With Connick, Lopez and Urban confirmed as American Idol judges, can Fox fix show without changing anything?
Was the lesson Fox learned from American Idol last season that “new stuff is too scary?”
That’s the question at hand following news that the network has confirmed hiring Harry Connick Jr. and Jennifer Lopez to join Keith Urban on the judges dais, with longtime judge Randy Jackson moved over to contestant mentor.
As the once-gargantuan singing competition combats sinking ratings and growing criticism about content, producers seem to have responded with a new judge and mentor lineup filled with Idol veterans.
Connick, a longtime mentor from previous shows, has continually popped up as a contender for a judge's slot thanks to his easy rapport with the singers (Idol, true to past habits, took until the last minute to confirm him). Lopez, a judge in 2011 and 2012, returns alongside Urban, who notched his first season this spring.
Jackson, a judge since Idol's first season, takes record producer/executive Jimmy Iovine’s place as mentor to the young contestants (a move which may hurt; Iovine’s tough, direct commentary was often a needed antidote to the gauzy, soft observations of judges such as Lopez and Urban, who seemed too worried about looking mean to competitors.) Ace host Ryan Seacrest, one of the few elements of Idol most agree needs no tweaking, also returns.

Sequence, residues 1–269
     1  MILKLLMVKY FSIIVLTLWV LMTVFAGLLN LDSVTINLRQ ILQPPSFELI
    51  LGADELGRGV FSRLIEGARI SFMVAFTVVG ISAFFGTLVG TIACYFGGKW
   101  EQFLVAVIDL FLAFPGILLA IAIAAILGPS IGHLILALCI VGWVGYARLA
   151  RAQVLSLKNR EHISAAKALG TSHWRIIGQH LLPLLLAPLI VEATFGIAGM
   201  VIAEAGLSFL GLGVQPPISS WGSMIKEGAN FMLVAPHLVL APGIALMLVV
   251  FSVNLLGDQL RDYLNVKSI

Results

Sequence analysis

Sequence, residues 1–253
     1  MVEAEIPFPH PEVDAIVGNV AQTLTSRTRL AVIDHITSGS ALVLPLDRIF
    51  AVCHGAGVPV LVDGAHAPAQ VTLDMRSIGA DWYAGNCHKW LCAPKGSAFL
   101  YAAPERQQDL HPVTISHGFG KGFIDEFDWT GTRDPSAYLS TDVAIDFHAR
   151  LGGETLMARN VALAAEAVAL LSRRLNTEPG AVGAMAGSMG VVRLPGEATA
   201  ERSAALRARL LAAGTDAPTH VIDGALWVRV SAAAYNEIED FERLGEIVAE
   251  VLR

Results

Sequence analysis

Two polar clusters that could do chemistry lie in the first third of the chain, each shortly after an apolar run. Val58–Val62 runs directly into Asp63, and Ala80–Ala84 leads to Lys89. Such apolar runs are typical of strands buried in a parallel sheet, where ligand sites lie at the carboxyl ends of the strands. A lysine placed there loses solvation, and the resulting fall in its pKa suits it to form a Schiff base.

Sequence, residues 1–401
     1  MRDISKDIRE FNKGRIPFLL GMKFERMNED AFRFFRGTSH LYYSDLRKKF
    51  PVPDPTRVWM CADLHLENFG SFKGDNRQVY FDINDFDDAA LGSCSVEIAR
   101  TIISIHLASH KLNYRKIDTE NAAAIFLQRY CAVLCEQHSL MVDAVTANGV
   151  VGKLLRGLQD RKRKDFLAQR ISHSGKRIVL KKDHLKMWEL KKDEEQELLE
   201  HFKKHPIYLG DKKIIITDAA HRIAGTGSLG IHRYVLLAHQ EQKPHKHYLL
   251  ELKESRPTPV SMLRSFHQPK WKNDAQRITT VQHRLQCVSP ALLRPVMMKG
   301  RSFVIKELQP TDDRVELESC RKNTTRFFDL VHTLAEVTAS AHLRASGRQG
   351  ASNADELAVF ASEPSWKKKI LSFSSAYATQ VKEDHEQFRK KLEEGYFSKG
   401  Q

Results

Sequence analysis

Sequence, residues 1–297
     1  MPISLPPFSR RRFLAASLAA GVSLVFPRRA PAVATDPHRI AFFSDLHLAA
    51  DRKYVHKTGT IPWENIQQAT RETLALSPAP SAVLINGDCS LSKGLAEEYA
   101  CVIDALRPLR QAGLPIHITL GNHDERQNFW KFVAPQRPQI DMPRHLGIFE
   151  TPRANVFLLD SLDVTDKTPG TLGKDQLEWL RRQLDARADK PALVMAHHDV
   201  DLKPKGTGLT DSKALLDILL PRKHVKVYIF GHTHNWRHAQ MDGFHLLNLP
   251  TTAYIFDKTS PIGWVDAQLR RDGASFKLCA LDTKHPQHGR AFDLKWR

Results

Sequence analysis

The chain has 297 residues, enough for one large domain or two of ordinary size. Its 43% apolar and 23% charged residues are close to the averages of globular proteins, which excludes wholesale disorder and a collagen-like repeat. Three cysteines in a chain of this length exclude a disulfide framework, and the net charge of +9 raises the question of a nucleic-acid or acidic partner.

Every one of the on camera regulars coming to the show in 2014 has been on the series before.
Which makes me wonder: Can Fox fix what ails Idol without really changing anything?
My hunch is that Fox and the other powers that be behind Idol may have admitted that the show’s days of dominating network TV like an 800-pound gorilla are gone. In that case, success lies in keeping longtime fans interested and stabilizing the show’s ratings so it remains a potent, if not gargantuan, program.
This year’s version of Idol, torn by infighting between new judges Nicki Minaj and Mariah Carey, scored some of its lowest ratings in recent memory (finale was down 40 percent from 2012 and median age of viewers was 51, past the 18 to 49 advertiser sweet spot, according to the Hollywood Reporter).
So perhaps the show is now offering its version of comfort food to fans, passing up the danger of subjecting an untested celebrity to the maelstrom that is Idol’s white=-hiot spotlight.
Or perhaps they’ve just learned the lesson of its most potent competitor, The Voice; A judging panel that at least looks like it’s getting along is much more attractive to fans than a panel which doesn’t.
At least, for now.